After continued new settlement, in 1791 Herkimer County was one of three counties taken from Montgomery (the other two being Otsego, and Tioga County). It was much larger than the present Herkimer County, however, and was reduced by a number of subsequent splits.

In 1794, Herkimer County was reduced in size by the creation of Onondaga County. This county was larger than the current Onondaga County, including the present Cayuga, Cortland, and part of Oswego counties.

In 1798, Oneida County was created from another part of Herkimer County. This county was larger than the current Oneida County, as it included the present-day Jefferson (which extends along Lake Ontario), Lewis, and part of Oswego counties.

In 1805, Jefferson and Lewis counties were split off from Oneida. In 1816, parts of Oneida and Onondaga counties were taken to form the new Oswego County.

In 1848, John Humphrey Noyes founded a religious and Utopian community, the Oneida Community, near Oneida. Its unconventional views on religion and relations between the sexes generated much controversy. The community lasted until 1881. The Oneida Silver Company was founded here to manufacture sterling silver, silverplate holloware and, later, stainless steel flatware.

Oneida County Road Map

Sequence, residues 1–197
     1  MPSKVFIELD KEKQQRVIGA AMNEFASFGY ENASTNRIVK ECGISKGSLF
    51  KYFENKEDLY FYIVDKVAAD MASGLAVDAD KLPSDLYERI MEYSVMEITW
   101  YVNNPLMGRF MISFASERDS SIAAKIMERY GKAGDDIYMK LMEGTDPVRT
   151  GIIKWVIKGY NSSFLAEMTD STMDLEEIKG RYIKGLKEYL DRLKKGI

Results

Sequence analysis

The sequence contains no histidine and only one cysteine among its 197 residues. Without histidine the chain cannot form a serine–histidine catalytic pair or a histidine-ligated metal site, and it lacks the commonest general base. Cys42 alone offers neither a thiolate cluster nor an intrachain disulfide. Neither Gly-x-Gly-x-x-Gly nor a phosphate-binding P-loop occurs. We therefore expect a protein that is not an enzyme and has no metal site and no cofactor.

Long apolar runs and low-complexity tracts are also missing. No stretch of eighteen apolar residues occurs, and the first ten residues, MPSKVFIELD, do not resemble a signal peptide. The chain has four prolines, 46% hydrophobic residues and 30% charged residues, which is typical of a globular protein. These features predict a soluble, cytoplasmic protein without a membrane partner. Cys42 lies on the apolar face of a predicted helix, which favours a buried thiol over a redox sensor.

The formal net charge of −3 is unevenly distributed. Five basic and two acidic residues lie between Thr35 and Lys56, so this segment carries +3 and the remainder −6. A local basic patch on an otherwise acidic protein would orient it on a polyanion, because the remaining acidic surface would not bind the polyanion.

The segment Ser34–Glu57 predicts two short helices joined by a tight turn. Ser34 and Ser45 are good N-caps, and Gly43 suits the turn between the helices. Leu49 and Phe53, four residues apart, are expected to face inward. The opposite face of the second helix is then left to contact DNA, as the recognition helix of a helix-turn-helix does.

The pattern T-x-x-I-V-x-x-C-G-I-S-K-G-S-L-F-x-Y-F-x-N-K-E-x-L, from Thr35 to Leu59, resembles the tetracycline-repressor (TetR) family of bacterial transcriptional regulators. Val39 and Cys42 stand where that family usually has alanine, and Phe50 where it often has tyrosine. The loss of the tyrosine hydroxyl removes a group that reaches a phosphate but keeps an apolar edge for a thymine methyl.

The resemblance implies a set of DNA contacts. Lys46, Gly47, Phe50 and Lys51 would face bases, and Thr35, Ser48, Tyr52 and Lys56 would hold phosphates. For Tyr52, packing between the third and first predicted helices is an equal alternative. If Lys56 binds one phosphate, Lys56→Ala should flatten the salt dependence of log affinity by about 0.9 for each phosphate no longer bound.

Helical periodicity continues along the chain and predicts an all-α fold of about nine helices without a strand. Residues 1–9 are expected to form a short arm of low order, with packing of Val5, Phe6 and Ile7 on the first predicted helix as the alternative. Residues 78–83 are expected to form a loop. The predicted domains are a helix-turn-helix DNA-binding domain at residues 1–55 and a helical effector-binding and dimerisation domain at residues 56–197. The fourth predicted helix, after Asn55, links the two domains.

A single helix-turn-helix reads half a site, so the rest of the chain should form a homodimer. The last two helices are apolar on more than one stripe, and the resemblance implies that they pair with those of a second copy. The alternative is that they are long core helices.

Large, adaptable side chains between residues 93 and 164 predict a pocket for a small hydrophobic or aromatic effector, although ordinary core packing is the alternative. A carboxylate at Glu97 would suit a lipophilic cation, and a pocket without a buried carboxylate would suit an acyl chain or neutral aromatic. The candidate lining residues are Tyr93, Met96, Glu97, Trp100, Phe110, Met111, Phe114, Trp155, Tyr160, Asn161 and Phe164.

Oneida CountyStreet Map.
Street map of Oneida County, New York. Source: OpenStreetMap (OSM)
Oneida CountyMap
Oneida Countypolitical map.


According to the U.S. Census Bureau, the county has a total area of 1,258 square miles (3,260 km), of which 1,212 square miles (3,140 km) is land and 45 square miles (120 km) (3.6%) is water.

Oneida County is in the central portion of New York State, east of Syracuse, and west of Albany. Oneida Lake is on the northwestern corner of the county, and the Adirondack Park is on the northeast. Part of the Tug Hill Plateau is in the northern part of the county. Oneida County’s highest point lies neither on the plateau nor in the Adirondack Park, but in the county’s southern extremity. The peak’s name is Tassel Hill. It is located slightly southeast of Hardscrabble Road (Tassel Hill Road), between the villages of Waterville and Cassville.

The Erie Canal, completed in 1825, runs east–west along the Mohawk River through the county. It stimulated considerable trade and settlement. Oneida Lake and Oneida Creek form part of the western boundary.

In the early 21st century, Oneida is the only county in New York state documented as having Chronic wasting disease among its wild White-tailed deer.

Adjacent counties

National protected area

  • Fort Stanwix National Monument

Oneida County Topographic Map

Topographic Map of Oneida County, New York
Oneida County Topo map.

Oneida County Satellite Map

Satellite Map of Oneida County, New York
Oneida County satellite map.

Oneida County Outline Map

Outline Map of Oneida County, New York
Oneida County outline map.

See also

Map of New York State and its subdivision: Map of other states: